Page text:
Wednesday, June 15, 2005

Integrated passenger information at Ormond

A photo tour of Ormond Station

1. Station welcome board

This is the first sign seen by people entering the station. It is at the base of the ramp leading up to the station's main platforms. Because of exposure to passers-by, it is ideal for public transport promotional material.

Components of this display include:

a. Welcome to Ormond Station sign

b. Ormond Local Transport Guide (with bus info)

c. Travel times to major destinations

d. Local area street map with bus routes identifed

e. Metlink URL and phone number

f. Rail system map

g. Fares information

h. Promotional material promoting off-peak use

2. Station foyer

3. Fare zone information on ticket vending machines

Unlike the large map and sign away from the TVM, this small sign is within the customer's line of vision and provides location specific zone information. Major destinations are identified by name.

4. Nearest Metcard outlet

Provides name and directions to nearest ticket outlet, right at the TVM to which passengers naturally gravitate. These directions are reinforced on local transport guide maps.

5. Local taxi company numbers

Provided at payphones.

6. Local transport guide


a. location of bus stops

b. available bus routes and destinations

c. approximate bus/train running times and frequencies

d. Metcard outlet and Metlink phone number

The guide pictured is located in the foyer near TVMs, but there are others at the entrance to the station and adjacent to the bus timetable display.

7. Marketing material

Marketing material to encourage patronage by publicising off-peak and non-work trips.

8. Timetables

Bus maps, timetables and local transport services guide provided on Platform 2. Although passed by many people alighting the train (including the peak afternoon traffic), the station foyer might have been a better location.

9. Directions to buses

Bus direction sign in underpass. Also includes Metlink phone and web info.

10. Passenger information at bus stops

A local travel guide installed at a bus shelter. Where stops have no shelter, permission needs to be obtained to place a guide in a nearby shop window.

About the Ormond Project

Project Aims

a. to increase public transport patronage amongst both existing and new passengers

b, to improve connectivity between transport modes

c. more effectively market public transport

d. improve customer service through better passenger information

e. improve fare compliance

Careful design and a staged approach

Passenger information needs vary according to the stage of their journey and their level of experience. Information provided must be specific to what the passenger wants to know at the time and not confuse them with either too much or too little.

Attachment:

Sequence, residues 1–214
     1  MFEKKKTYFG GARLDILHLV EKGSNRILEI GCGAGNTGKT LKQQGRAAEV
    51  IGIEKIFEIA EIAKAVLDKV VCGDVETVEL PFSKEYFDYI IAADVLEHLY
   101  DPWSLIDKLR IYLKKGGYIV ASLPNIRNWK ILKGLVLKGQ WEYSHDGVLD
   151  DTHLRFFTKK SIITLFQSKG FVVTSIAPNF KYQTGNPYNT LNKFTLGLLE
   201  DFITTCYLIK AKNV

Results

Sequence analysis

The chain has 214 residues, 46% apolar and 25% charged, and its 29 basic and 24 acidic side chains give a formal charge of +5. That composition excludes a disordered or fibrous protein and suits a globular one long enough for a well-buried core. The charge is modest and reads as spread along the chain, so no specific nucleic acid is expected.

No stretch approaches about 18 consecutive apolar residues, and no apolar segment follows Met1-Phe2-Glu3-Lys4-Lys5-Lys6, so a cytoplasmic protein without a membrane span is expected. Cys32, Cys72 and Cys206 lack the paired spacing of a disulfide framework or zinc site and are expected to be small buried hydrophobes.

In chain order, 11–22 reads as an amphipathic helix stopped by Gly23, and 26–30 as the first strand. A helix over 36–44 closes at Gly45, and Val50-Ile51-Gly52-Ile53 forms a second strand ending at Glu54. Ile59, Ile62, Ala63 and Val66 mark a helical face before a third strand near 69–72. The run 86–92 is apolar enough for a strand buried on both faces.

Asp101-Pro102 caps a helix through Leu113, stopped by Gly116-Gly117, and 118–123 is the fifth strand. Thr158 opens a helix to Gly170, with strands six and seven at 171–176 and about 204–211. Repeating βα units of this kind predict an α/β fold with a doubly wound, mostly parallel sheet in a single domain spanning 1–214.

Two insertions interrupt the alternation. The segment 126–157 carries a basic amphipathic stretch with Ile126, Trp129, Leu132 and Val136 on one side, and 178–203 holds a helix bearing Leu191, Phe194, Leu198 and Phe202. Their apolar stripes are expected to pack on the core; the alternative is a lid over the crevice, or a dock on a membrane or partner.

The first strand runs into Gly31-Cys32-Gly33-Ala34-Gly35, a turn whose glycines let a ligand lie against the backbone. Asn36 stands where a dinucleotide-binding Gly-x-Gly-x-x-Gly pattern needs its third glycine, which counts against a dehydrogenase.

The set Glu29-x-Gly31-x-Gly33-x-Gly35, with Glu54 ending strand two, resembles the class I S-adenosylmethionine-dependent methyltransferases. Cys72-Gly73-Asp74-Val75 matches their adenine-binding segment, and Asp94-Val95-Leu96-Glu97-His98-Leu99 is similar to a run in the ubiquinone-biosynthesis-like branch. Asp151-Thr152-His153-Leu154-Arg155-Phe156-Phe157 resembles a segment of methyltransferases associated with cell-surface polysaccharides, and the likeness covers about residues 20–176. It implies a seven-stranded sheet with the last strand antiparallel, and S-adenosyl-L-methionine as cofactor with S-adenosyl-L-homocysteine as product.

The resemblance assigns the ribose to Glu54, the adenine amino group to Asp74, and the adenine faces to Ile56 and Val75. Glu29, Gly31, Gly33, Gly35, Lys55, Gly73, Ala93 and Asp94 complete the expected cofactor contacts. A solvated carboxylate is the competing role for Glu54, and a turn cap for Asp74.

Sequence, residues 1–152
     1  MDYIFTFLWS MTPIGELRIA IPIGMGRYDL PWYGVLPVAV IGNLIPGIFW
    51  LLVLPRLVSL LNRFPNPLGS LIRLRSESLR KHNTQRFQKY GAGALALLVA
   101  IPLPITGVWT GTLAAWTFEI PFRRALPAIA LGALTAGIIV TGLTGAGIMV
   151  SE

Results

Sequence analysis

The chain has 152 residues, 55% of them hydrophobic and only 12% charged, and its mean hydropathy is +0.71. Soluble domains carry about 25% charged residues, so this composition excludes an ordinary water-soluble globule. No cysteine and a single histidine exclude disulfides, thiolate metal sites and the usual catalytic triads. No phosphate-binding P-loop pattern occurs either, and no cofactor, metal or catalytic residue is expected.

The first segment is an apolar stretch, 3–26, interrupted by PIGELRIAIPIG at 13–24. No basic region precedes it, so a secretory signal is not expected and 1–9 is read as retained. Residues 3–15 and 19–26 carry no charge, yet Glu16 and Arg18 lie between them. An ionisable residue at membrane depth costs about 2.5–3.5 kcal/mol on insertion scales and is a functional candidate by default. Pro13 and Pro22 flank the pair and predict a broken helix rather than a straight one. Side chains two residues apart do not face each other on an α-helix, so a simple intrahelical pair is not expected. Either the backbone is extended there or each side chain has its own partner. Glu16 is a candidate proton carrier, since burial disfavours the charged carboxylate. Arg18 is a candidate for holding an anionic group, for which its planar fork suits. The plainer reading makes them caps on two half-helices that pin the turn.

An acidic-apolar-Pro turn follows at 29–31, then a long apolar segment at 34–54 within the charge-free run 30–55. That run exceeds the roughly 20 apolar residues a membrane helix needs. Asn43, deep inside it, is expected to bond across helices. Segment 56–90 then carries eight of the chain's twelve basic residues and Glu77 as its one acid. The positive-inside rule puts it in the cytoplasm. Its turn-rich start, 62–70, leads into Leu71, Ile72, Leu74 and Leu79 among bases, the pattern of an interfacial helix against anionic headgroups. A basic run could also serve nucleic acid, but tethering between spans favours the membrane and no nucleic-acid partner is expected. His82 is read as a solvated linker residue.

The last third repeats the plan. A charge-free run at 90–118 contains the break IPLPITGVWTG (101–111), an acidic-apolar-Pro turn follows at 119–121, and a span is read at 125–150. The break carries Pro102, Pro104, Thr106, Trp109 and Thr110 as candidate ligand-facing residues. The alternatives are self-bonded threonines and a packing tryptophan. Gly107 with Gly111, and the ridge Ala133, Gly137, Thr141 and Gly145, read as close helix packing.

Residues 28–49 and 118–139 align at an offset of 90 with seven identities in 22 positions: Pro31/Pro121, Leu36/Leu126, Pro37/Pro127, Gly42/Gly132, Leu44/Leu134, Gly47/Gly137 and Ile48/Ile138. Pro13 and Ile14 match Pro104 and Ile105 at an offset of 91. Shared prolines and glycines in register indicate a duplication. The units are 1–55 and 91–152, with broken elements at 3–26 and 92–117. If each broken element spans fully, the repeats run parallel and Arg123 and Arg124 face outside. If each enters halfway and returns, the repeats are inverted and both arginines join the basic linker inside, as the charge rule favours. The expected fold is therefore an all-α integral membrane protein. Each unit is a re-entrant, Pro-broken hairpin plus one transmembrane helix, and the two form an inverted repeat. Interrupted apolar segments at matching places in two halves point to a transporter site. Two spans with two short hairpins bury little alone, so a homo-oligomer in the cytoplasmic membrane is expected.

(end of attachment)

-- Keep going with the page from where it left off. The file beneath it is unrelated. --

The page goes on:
Passengers to Ormond receive information as a progressive series of stages as they approach the station or bus stop. Each sequence (or 'thread') has been designed for the following types of passengers:

a. Passers-by (potential passengers who may be attracted to public transport)

b. Passengers catching a train at Ormond Station

c. Passengers leaving Ormond Station to catch a bus or call a taxi

d. Passengers leaving a bus to catch a train

These 'threads' are separate but intersect to form a seamless whole. Not all passengers need follow each stage in each thread. For example, passengers with pre-purchased tickets have no need for zone information on TVMs. However, for those who need it, such information is provided at the exact place where it is required (in this case on the TVM itself). Experience has shown that this is more effective than providing the information on large posters somewhat remote from where it is needed.

Information and reassurance

To provide continual (but unobtrusive) re-assurance, a successful action is followed by its verification or reinforcement. This builds confidence. The passenger then moves onto further steps until their journey is complete.

An example of the information/verification process is the on-platform signage. Passengers see arrows giving directions to each platform and their destinations. One of the platforms (3) is only used part-time and is accessible via the underpass. When they see the arrow for Platform 3 (information), the viewer naturally looks across in that direction. The first thing they see is the large '3' (verification). They see that they need to cross the tracks to reach this platform (information). When they look back to the first sign they saw, they see a note that Platform 3 is accessible under the tracks via the underpass (reinforcement). This gives passengers enough information to reach Platform 3 as they know where to go and how to get there.


Cost of materials has been kept down to approximately three to four dollars per station. Improvements such as larger poster sizes, use of colour, better printing and enhanced protection against the elements would increase this figure and are desirable in the long-term. The project receives no official funding. If considered worthwhile, the project's co-ordinator would welcome opportunities for it to be integrated into other passenger information projects currenly underway.

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